The Future of XT

June 7, 2000

Leigh Dodds

This week, XML-Deviant takes a look at the future direction of James Clark's XSLT processor, XT, and reports on some new SOAP tools.

Maintaining XT

If you've had cause to look for an XSLT processor, you'll have certainly come across James Clark's XT. It was the first XSLT processor available, and for a long time has boasted better performance than other processors such as Xalan and SAXON. Not surprisingly, many developers have been using it exclusively, both as a tool and as a means of integrating an XSLT processor into their own code.

Seeing a need for continued support and development of XT, Eric van der Vlist announced on the XSL mailing list that 4XT would be organizing maintenance for the tool:

Considering that XT is part of the XML patrimony and should be maintained, 4xt has decided to organize its maintenance.

We will need the help from the XSL community to achieve this important task...

4XT is a web site that coordinates a user group for XT. The decision was prompted by a comment from James Clark indicating that he would no longer be actively developing the software:

I'll probably do a release that fixes a few bugs at some point, but I'm not planning to spend significant time on XT in the near future.

In a later message, Clark also questioned the utility of anyone maintaining XT, explaining that his goal to aid the development of the XSLT specification had been met. With other Java-based XSLT tools available, Clark believed that there was little point in continuing with the project:

Might it not be better to let XT quietly fade away in favour of other XSLT processors whose authors have an interest in continuing to maintain them? The only thing that seems to differentiate XT is performance and I don't know to what extent that is still the case with the latest version of Saxon. It shouldn't be too hard to make an XSLT processor that is faster than XT; I haven't spent much time optimizing it (and I know of plenty of things that could be done to make it a bit faster). If other XSLT processors are still lagging in performance, perhaps it's possible to apply experience from XT in improving their performance. If there's any interest from other implementors, maybe I can find time to write up a description of the basic techniques used in XT...

These statements were cause for concern for some developers. Senthil, while sympathetic, believed that appropriate warnings should have been given:

>From an independent developer standpoint, I understand James C. somewhat, but if the goal is to have this as a test bed for refining the specs then necessary disclaimers should have been communicated.

Simon St. Laurent observed that the success of XT is worth building on:

I'm deeply concerned that XT's creator doesn't have much interest in the installed base of his product, which has been immortalized in code and in print too deeply to switch out easily.

I've recommended XT as a 'preferred' processor as long as it's been out there, largely because it was ahead of the competition for so long. That success seems like a great thing to continue, not something to drop so easily.

In a response to James Clark, Eric van der Vlist was also quick to point out a list of reasons to continue support of the software:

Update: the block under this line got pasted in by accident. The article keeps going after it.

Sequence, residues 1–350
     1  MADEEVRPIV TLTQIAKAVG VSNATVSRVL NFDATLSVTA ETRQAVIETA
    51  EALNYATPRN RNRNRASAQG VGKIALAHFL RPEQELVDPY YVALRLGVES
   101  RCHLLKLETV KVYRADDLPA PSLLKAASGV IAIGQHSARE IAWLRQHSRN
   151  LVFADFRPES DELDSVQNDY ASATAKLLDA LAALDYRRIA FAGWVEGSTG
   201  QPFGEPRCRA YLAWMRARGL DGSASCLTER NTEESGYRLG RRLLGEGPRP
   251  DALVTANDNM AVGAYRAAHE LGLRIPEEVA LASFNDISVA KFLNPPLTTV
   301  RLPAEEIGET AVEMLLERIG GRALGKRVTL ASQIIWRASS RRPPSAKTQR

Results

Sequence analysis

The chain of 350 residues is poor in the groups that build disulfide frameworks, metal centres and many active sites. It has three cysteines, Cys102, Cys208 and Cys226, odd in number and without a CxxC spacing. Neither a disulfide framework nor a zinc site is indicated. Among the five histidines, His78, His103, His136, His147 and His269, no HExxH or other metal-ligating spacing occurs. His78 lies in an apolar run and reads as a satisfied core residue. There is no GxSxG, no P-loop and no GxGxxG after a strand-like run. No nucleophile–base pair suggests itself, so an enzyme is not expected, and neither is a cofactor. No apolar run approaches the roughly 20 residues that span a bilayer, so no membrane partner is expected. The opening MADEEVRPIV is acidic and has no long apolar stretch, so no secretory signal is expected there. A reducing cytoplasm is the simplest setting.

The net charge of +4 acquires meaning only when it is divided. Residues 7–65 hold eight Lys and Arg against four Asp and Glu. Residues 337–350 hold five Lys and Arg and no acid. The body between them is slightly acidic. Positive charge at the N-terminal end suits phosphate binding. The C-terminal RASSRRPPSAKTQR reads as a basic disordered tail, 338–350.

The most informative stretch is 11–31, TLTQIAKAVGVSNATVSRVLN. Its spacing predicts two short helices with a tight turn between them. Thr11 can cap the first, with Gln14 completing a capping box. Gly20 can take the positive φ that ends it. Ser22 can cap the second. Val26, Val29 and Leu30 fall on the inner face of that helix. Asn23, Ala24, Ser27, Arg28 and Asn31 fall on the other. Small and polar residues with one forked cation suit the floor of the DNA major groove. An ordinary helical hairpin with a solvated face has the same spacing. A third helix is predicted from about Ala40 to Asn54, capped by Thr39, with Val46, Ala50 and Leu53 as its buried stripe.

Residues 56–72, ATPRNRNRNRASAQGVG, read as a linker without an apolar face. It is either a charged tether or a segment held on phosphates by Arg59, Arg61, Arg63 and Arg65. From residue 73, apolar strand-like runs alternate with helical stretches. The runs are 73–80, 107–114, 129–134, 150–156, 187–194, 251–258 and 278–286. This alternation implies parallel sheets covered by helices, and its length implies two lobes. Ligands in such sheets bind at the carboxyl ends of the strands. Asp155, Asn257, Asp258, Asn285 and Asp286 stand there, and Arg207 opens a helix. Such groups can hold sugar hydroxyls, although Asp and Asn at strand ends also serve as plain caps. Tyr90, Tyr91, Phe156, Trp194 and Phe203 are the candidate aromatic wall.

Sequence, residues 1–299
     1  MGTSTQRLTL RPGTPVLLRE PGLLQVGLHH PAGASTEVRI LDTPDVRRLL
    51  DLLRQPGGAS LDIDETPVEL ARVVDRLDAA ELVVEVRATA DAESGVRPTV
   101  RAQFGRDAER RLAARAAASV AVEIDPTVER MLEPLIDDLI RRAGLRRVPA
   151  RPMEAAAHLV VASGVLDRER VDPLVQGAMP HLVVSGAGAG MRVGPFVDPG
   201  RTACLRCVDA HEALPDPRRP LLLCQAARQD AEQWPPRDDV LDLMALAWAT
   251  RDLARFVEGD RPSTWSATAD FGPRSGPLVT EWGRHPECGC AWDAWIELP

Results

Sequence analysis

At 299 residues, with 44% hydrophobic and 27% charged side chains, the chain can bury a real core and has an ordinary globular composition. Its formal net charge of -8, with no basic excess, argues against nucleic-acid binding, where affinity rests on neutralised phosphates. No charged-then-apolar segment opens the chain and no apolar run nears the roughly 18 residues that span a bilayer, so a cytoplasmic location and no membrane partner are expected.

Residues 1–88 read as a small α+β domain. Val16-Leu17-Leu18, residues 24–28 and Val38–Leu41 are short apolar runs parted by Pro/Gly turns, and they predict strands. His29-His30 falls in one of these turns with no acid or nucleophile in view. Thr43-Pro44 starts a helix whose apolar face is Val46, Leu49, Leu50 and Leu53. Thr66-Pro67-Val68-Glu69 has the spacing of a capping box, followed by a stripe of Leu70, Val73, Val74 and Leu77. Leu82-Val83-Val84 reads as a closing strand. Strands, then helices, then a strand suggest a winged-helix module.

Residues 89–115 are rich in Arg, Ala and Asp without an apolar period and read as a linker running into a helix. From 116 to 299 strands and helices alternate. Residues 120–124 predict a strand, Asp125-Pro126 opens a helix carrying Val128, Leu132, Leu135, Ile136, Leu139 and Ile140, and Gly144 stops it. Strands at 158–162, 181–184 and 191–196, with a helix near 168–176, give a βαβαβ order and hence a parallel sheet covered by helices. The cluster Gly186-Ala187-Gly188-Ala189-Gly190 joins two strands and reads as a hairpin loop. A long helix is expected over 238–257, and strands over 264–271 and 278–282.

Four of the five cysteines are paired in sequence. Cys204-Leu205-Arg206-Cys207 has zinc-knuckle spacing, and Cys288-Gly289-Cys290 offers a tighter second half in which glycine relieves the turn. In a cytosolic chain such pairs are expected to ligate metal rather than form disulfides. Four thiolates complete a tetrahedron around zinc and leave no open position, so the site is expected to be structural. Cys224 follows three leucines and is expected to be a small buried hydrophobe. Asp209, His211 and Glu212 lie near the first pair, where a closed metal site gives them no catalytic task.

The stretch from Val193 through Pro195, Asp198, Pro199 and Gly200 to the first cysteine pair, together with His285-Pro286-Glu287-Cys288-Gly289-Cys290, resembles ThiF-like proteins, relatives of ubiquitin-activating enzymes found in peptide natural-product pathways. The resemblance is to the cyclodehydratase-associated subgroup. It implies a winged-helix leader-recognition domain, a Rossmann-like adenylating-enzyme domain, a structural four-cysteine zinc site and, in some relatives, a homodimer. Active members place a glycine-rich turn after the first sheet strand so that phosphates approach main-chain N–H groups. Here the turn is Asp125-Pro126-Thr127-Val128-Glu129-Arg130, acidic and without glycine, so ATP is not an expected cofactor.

• Because you've overachieved your goal and have created a high performance and very stable product.
  • Because people have grown to like XT.
  • Because many tools and applications are relying on XT.
  • Because there are only 3 major implementations of XSLT and XT is the fastest of them.
  • Because competition is good for open source projects.

Competing projects can also benefit by learning from each other's successes and failures. This free flow of ideas is a key part of the open source ideal. Despite misgivings about its future, James Clark is clearly convinced that there is room for further performance improvements in XT. Clark's renown as a developer in the SGML/XML community is not unfounded; there are likely to be many valuable lessons to be learned from the software. Clark's offer to document some of the basic techniques will hopefully be followed up.

As Ron Ten-Hove commented:

...perhaps its time to look at creating "XT mark II", architected and implemented in a way that reflects the lessons learned from XT's strengths and weaknesses?

Developers on the 4XT mailing list have accepted the challenge and have already compiled a "to do" list of enhancements. After a period of relative inactivity, it'll be interesting to see what the future holds for XT.

Open Source SOAP

This week has been a good one for developers of distributed data services. Firstly SOAP4J, the IBM Java implementation of SOAP (the Simple Object Access Protocol), was donated to the Apache XML Project. This continues a welcome trend which began with the donation of the XML4J parser and the LotusXSL XSLT engine. (The tools are now known as Xerces and Xalan, respectively.)

Microsoft then announced the availability of their SOAP tool-kit for Visual Studio 6.0, finally enabling Windows developers to get in on the act. The toolkit provides support for automating the conversion of existing COM components into web-based services, accessible using SOAP. Despite being one of the originators of the SOAP specification, Microsoft has been slow to release their toolkit, but it looks like the wait has been worthwhile.

Next week, XML-Deviant will be reporting from the XML Europe 2000 conference.